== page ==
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5 years ago

IPO performance and earnings expectations: some French evidence

IPO performance and earnings expectations: some French evidence

The first objective of

The first objective of our study is to provide an out-of-sample replication of U.S. evidence. Our sample consists of 243 companies listed between 1991 and 1998 on the Second Marché and Nouveau Marché, obtained by exhaustive enumeration. We use a variety of benchmarks to adjust stock price performance for risk. We find that on average French IPOs do not underperform relative to benchmarks of similar risk. Our finding is consistent with Brav and Gompers (1997), who argue that the disappointing stock price performance of U.S. IPOs largely disappears once proper risk adjustments are introduced. We also analyze the cross-section of IPO performance, introducing a number of ex ante variables. None of them exhibits significant explanatory power in our sample over the whole 36-month period, suggesting that no subcategory of IPOs systematically underperforms (or overperforms) -- at least when the subcategory is defined using information known at the time of the IPO. The normal long-run stock price performance of IPOs suggests that they are correctly priced initially, and that initial investors’ expectations are reasonable. The second objective of our study is to ask whether these expectations are embodied in earnings forecasts issued at the time of the IPO. We look at earnings forecasts published in the IPO prospectuses, as well as forecasts by financial analysts. We distinguish between financial analysts affiliated with the bank taking the company public, and unaffiliated analysts. We find that prospectus forecasts and forecasts issued by analysts affiliated to underwriters are more optimistically biased than forecasts issued by unaffiliated financial analysts. Analysts forecasts for IPO companies are not more biased than forecasts issued for non-IPO firms, suggesting that accuracy incentives may be high for analysts dealing with newly listed companies. Finally, we find that analysts’ forecast errors are the main driver of IPOs’ stock price performance. Thus, analyst forecasts at or around Initial Public Offerings appear to embody investors’ expectations at the time of the IPO. The paper is organized as follows: section 2 describes our data. Section 3 presents descriptive statistics on our sample. Section 4 presents our results on long-term stock price 4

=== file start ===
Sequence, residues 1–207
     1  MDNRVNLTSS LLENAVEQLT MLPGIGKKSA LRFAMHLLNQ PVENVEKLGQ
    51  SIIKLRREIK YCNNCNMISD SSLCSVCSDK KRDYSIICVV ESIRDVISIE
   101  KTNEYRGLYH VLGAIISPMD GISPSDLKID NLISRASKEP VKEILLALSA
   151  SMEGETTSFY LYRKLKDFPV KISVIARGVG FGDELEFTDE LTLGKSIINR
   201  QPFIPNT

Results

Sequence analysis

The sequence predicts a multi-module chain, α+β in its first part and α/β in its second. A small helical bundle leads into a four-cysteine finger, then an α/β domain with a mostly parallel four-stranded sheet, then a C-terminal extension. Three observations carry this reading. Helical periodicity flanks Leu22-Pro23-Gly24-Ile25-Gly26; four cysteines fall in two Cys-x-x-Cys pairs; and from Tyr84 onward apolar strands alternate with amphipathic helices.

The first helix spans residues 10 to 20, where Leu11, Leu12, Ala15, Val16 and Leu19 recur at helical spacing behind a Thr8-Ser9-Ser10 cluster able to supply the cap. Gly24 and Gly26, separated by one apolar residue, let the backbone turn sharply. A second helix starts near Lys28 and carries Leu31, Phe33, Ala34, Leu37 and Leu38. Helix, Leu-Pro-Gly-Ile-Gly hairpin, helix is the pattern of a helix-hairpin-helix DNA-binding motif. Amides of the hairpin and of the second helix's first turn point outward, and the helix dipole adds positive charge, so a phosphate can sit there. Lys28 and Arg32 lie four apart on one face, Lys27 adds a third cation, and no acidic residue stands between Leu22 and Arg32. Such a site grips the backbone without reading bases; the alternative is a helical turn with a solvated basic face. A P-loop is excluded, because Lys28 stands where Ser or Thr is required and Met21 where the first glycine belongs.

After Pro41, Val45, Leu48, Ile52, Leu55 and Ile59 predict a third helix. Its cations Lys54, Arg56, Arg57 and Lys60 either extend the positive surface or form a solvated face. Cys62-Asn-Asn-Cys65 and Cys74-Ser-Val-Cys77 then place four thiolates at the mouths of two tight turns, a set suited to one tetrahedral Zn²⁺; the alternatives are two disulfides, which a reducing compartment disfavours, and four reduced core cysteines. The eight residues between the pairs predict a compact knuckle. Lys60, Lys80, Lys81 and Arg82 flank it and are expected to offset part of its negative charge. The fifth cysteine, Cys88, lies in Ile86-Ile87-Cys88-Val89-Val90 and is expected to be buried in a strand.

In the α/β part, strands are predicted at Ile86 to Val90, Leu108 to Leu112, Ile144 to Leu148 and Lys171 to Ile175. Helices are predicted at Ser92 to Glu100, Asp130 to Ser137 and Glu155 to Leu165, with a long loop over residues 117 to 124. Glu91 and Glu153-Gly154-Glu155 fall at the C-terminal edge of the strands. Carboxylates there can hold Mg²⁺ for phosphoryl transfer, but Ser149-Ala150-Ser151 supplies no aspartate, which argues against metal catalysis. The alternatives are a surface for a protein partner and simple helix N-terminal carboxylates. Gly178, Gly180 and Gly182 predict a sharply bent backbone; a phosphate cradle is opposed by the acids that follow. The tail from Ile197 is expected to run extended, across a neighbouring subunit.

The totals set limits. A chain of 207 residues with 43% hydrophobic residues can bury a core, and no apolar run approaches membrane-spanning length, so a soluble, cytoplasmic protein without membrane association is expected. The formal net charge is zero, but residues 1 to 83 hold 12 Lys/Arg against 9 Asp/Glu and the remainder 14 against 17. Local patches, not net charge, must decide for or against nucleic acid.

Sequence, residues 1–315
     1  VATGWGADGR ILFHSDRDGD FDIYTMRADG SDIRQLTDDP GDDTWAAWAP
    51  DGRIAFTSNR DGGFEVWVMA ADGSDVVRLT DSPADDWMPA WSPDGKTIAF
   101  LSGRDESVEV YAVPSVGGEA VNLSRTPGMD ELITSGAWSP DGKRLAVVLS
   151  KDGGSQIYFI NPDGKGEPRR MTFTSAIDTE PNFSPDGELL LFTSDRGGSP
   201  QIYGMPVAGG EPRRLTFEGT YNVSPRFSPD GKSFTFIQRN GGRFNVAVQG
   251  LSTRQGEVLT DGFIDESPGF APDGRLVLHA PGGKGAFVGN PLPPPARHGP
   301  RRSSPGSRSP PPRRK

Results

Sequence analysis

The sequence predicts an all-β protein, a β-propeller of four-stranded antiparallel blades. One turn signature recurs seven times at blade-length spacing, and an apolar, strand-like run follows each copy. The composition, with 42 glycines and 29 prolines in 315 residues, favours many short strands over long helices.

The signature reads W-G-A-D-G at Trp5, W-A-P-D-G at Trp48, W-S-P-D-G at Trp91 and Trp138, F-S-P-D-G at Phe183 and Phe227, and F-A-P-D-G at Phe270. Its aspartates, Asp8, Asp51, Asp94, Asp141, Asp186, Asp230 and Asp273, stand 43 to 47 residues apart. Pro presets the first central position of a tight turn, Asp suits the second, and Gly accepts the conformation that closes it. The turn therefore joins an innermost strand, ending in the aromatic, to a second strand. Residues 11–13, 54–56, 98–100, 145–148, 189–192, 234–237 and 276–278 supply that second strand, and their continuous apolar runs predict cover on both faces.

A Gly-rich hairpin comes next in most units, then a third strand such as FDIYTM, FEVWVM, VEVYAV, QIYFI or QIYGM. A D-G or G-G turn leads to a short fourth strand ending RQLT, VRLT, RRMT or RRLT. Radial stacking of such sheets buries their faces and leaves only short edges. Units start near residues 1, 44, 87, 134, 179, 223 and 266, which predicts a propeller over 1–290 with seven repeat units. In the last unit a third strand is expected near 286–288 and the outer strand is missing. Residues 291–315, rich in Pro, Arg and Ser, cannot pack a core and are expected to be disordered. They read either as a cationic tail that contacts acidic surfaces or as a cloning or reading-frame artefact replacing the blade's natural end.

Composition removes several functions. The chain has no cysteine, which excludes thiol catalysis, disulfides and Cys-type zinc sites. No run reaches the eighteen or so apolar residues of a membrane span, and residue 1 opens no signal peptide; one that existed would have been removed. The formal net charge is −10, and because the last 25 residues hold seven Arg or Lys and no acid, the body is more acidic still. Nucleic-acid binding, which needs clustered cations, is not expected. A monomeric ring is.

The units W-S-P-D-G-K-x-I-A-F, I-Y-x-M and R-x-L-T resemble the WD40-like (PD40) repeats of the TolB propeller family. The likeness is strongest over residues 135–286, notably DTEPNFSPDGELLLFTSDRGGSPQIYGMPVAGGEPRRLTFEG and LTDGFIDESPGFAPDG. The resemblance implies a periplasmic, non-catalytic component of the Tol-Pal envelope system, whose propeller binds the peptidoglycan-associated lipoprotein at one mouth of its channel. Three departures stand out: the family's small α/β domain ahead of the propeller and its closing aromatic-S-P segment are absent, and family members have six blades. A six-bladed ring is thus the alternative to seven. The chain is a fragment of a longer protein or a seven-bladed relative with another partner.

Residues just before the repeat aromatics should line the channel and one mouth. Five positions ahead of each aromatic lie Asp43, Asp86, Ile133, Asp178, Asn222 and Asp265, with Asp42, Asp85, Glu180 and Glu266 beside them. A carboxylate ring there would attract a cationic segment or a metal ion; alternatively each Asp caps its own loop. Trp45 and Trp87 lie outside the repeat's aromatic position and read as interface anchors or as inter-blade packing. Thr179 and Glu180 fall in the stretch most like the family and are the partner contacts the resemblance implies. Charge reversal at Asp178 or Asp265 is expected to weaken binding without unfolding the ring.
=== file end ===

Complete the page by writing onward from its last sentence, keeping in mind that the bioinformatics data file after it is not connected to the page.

performance. Section 5 analyzes the ex ante determinants of IPO stock price performance. Section 6 focuses on the ex post determinants of IPO stock price performance, specifically the post-IPO earnings record. Section 7 concludes. 2. Data sources and description Our sample consists of 243 Initial Public Offerings (IPOs) that were conducted in France between January 1991 and July 1998. We included all IPOs in that period, with the exception of privatized companies and a few large IPOs that occurred on the main exchange and differ in size with other offerings in our sample 1 , and we focus on all the IPOs that took place on two exchanges: Le Second Marché (SM), which was created in 1983 as a transitory access to the stock market for small companies that did not have access to the larger exchanges, and Le Nouveau Marché (NM), which was created in 1996 to attract young companies with a short history, typically high-technology start-ups. We use 3 types of variables: - long-term performance variables, - ex-ante firm-specific variables, - post-IPO earnings and earnings forecasts. Table 1 gives a list and a description of each of those variables by type. Some of them are self-explanatory. The others are described below. Long-term performance is calculated for each firm using the paris Bourse daily stock price database. We use Paris Bourse MIDCAC and industry indices as benchmarks, as well as comparison portfolios à la Brav and Gompers (1997). Those portfolios are constructed using all the non-IPO firms listed on the Second Marché and Marché au Comptant. 5

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